US President Joe Biden's administration is expected to respond by Wednesday to Iran’s latest offer to resume its compliance with the 2015 Iran nuclear deal, but neither side is offering a definitive path to revive the agreement.
Officials in Washington told the Associated Press that, following a week and a half of deliberations, the US response to Iran’s comments on a European draft proposal will be ready by August 24, after which another round of negotiations in Vienna to finalise the details of a potential deal will probably be needed.
Despite the forward movement, numerous hurdles remain. And key sticking points could still unravel efforts to bring back the 2015 deal.
Even US supporters of an agreement are no longer referring to the “longer and stronger” deal that they had initially set out to win when indirect negotiations with Iran began last spring.
And on the Iranian side, demands for greater US sanctions relief than the administration appears willing or able to promise could undercut the push to revive the agreement.
In Washington, the Biden administration faces considerable political opposition to returning to the deal from both Democrats and Republicans in Congress who remain unconvinced that it aligns with US national security interests.
The recent indictment of an Iranian for plotting to murder former president Donald Trump's national security adviser John Bolton and the attack by an apparent Iran sympathiser on author Salman Rushdie have further contributed to doubts that Tehran can be trusted.
The latest draft does not include Iran's demand that the US lift the terrorism designation of the Islamic Revolutionary Guards Corps, and Tehran has stepped back from a demand that the International Atomic Energy Agency close its investigation into unexplained traces of uranium at three undeclared sites, said a senior administration official who requested anonymity to discuss continuing efforts to resurrect the deal.
And while Iran may have agreed to a mechanism to eventually return to the deal without the IAEA investigation being closed up front, it has said that its actual compliance with an agreement remains contingent on getting a clean bill of health from the agency.
The senior administration official said a “deal is closer than it was two weeks ago”, but cautioned that the outcome remains uncertain “as some gaps remain”.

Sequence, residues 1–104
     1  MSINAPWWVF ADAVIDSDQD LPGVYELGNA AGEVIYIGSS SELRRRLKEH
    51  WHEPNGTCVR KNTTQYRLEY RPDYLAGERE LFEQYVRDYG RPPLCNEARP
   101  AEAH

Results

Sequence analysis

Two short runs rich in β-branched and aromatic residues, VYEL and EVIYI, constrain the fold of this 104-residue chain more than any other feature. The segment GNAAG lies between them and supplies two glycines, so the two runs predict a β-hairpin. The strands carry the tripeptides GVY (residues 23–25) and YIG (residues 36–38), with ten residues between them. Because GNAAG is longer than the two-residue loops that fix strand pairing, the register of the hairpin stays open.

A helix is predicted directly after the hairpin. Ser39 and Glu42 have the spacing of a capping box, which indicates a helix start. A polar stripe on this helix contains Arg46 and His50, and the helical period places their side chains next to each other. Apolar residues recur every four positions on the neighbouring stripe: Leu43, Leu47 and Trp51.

Iranian officials on Tuesday bristled at the suggestion that they’ve stepped back from their demands to re-enter the deal.
Meanwhile, Israel has become increasingly alarmed at the apparent movement towards a deal. Israel’s alternate prime minister Naftali Bennett on Tuesday called on the Biden administration to resist forging ahead with a deal with the Iranians.
“I call on President Biden and the American administration to refrain, even now at this last minute, from signing the agreement with Iran,” Mr Bennett said in a statement.
“One way or another, the state of Israel is not a party to the agreement. Israel is not committed to any of the restrictions stemming from the agreement and will utilise all available tools to prevent the Iranian nuclear programme from advancing.”
Since Iran submitted its final proposal to the EU, the Biden administration has engaged in internal consultations within the different government agencies as well as with international partners to determine its response.
Included in the consultations was Israel, which remains opposed to the deal, and whose national security adviser, Eyal Hulata, is visiting Washington this week. The US also consulted with Gulf and Asian partners.
On Tuesday, Wendy Sherman, deputy secretary of state, who played a central role in negotiating the 2015 agreement, met Chinese ambassador to the US Qin Gang as well as EU Head of Cabinet Frederic Bernard. Ms Sherman met Mr Hulata on Monday.
The White House insists that the terms under discussion include the key underpinnings of the 2015 deal, namely that the US would lift hundreds of sanctions the Trump administration reimposed when it withdrew from the deal in 2018, and Iran would roll back its nuclear programme to the limits set by the original agreement.
However, it remains unclear what exactly would happen to Iran's current stockpile of highly enriched uranium and what it would be required to do with the advanced centrifuges it has been using. The White House has said both would be “removed” but has not offered details.
As of the last public count, Iran has a stockpile of some 3,800 kilograms of enriched uranium. Under the deal, Tehran could enrich uranium to 3.67 per cent purity, while maintaining a stockpile of uranium of 300kg under constant scrutiny of surveillance cameras and international inspectors.
The Associated Press contributed to this report